Moshe Ornstein, MD
Immunotherapy combination regimens are likely to be the future of metastatic renal cell carcinoma (RCC) treatment, while agents such as interleukin-2 (IL-2) and nivolumab (Opdivo) monotherapy will continue to play an important role for these patients, according to Moshe Ornstein, MD, an oncology fellow at Cleveland Clinic.
State of the Science Summit on Genitourinary Cancers, Ornstein lectured on the obstacles physicians are facing with the use of immunotherapy for their patients with RCC. In an interview, he explained these challenges, the role of IL-2, and the future combinations that could change the RCC landscape.
OncLive: What did you discuss in your lecture on immunotherapy on kidney cancer?
We focused on the past, present, and the future. For the past, we talked about IL-2 and the role past immunotherapy has in 2017. For the current landscape of immunotherapy, we are really focusing on nivolumab, for which the approval was based on the phase III CheckMate-025 trial. What we tried to highlight were some of the challenges that clinicians and patients face when using nivolumab or any immunotherapy that may come down the road.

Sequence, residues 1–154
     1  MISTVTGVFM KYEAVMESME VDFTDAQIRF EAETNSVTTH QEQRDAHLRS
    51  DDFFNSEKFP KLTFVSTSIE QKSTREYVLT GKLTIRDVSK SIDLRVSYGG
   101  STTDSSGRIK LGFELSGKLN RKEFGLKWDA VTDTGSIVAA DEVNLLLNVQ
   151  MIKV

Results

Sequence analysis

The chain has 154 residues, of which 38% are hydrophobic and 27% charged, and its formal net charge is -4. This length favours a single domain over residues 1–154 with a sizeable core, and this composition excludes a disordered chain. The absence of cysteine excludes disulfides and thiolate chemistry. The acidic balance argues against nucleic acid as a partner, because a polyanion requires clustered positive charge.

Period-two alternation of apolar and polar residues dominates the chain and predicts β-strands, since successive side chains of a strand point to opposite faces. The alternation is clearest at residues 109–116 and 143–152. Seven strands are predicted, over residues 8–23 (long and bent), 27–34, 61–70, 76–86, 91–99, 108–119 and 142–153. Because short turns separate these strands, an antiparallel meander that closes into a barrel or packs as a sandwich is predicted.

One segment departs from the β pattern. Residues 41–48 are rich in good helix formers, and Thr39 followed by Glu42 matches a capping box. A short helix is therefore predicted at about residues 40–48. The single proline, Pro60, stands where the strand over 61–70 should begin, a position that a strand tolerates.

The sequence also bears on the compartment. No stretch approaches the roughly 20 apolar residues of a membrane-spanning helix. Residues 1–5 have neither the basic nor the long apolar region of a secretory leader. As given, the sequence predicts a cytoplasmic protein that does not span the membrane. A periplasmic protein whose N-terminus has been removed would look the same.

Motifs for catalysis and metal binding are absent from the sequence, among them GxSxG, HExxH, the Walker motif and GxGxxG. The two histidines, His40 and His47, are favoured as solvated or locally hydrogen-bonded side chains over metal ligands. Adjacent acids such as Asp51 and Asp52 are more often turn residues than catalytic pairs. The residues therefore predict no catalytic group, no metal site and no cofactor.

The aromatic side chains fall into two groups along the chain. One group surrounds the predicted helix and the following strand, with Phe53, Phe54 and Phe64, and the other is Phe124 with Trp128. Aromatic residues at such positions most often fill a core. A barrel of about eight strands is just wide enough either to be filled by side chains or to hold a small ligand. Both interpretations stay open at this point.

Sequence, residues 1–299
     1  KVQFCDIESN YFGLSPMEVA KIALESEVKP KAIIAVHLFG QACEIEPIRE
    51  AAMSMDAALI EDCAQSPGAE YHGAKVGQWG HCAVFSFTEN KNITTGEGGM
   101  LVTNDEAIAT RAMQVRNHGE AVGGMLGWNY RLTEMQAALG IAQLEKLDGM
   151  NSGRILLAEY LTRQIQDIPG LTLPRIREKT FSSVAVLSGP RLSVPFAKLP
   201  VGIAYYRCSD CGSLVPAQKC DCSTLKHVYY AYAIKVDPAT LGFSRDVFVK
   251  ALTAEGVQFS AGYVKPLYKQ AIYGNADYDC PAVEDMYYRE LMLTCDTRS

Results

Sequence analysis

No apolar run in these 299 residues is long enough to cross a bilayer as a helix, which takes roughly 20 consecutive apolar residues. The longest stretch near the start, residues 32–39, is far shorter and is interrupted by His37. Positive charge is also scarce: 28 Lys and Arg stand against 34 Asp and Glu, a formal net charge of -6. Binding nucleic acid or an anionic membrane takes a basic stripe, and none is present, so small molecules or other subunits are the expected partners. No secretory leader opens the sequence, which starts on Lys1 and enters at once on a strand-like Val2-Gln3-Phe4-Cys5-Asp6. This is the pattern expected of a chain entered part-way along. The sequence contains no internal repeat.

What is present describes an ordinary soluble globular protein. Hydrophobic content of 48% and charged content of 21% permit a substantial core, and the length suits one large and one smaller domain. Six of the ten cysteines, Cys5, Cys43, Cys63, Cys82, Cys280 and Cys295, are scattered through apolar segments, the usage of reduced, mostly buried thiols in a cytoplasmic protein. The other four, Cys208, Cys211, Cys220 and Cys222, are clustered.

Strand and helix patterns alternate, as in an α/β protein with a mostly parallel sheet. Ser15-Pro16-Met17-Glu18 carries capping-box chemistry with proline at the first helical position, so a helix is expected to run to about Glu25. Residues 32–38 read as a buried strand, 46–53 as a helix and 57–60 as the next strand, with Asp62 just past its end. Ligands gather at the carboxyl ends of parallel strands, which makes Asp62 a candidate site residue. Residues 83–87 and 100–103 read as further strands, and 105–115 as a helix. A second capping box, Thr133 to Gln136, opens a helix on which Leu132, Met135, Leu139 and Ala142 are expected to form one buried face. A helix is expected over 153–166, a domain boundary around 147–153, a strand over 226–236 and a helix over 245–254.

Lastly, after covering the past with IL-2 and the present with nivolumab, we focused on some of the future directions, which are combination strategies [involving] immunotherapy for metastatic RCC.
What role are you envisioning for IL-2 going forward as more modern immunotherapies take a front seat?
The benefit of IL-2, even now in 2017—when we have plenty of targeted therapies, such as nivolumab and probably other immunotherapeutics down the road in metastatic RCC—is that, for a subset of patients, this is one of the only therapies for which we have long-term data and long-term durable complete remissions (CRs).
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